Application Programming Interfaces (APIs) are everywhere. APIs allow the instant exchange of information so you can track your fitness from a device on your wrist, check availability of a product in a nearby store, or hail an Uber from Google Maps. In other words, APIs are the unsung hero of much of what we do online.
APIs may sound complicated to someone who is not a techie, but in reality, they are easy to understand.
So, to answer all your questions, we put together this SMS API guide for beginners.
An API is an interface that lets one software program “talk” to another, exchanging data behind the scenes.
If you’re old enough to remember a time before cellphones, this scenario may sound familiar. Your parents decide at the last minute to have a BBQ. They want to ask their friends, who live two blocks away. So, they ask you to run down the street and extend the invite. You then bring back an answer. In this example, you’re acting as the API.
Your parents and neighbors stay put. You bring information over to your neighbors and then back again to your parents. In this scenario, you do what APIs do every second–only they share information between apps, websites, and software programs.
Let’s say you’re building an app that provides information about all the hair salons in your city. You want people to book appointments through the app and take a small commission. You know that customers want to see the location of the nearest salon on a map and that having them leave the app isn’t a great user experience.
Unless you have deep pockets or tons of time, you’re not going to build an entire digital map of your city to include in your product. Instead, you can use Google Maps API to have the map–and all its updates–in your hair salon app forever. APIs make it much easier to add layers of functionality and sophistication to existing technology.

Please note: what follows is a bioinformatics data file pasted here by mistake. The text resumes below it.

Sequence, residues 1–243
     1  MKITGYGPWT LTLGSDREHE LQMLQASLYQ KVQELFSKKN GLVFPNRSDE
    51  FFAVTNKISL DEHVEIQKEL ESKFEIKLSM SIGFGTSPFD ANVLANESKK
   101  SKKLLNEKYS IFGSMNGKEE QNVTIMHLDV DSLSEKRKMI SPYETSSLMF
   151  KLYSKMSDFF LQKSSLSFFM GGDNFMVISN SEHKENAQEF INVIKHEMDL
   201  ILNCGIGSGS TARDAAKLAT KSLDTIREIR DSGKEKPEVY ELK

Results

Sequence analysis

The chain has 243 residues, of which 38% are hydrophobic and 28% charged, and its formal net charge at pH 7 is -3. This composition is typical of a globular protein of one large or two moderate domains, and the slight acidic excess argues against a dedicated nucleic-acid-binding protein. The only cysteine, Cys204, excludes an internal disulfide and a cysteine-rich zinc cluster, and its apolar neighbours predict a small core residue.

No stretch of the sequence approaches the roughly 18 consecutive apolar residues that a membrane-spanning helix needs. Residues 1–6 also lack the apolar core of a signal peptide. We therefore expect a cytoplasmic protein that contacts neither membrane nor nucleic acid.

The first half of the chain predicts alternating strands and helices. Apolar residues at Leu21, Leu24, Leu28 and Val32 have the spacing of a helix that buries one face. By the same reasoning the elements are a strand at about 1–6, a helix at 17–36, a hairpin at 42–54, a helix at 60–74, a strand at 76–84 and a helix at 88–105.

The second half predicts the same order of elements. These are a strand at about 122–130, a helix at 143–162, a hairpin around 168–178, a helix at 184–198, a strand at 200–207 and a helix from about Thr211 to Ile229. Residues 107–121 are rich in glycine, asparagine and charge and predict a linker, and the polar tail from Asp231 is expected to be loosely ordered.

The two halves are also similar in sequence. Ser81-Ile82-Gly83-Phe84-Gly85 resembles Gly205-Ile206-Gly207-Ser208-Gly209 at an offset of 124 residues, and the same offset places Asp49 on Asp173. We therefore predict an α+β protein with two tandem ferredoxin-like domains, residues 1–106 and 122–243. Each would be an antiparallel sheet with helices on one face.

The above is an example of an API adding functionality to a new product. You can also use APIs to integrate two existing products. Here are two examples:
An SMS API allows you to integrate SMS messaging with other software programs. To understand how it works, we need to explore a couple more concepts.
To help bring these concepts together, we’re going to use a fictional company, Surf’s Up, that allows people who send an SMS with their location to receive a surf forecast.
An API key is the name given to some form of secret token which identifies your SimpleTexting account and the activity on your account. You can access your unique API token under Profile & Settings → API:
Surf’s Up needs to use the API token to identify their SimpleTexting account and incoming (or sent) text messages.
API parameters determine the type of action you want to take. For example, if you want to send an SMS message from SimpleTexting when an event occurs, you’re going to need to tell us what your API token is, your account’s phone number, and the message you want to send.
Surf’s Up would use the parameters “token”, “phone”, and “message” when automatically sending an SMS. They would also configure parameters for forwarding incoming SMS to their surf forecast application.
A Webhook allows actions to happen automatically when certain criteria are met or scenarios take place. Put in even simpler terms, an SMS Webhook allows you to link up certain apps together and whenever an event occurs in one it triggers an action in the other.
If a surfer sends their location via SMS, using SimpleTexting’s Webhook, Surf’s Up can forward that information for processing, and the forecast system will respond with the location’s wind and swell. Surf’s Up can then trigger an outgoing message from SimpleTexting with the surf report included.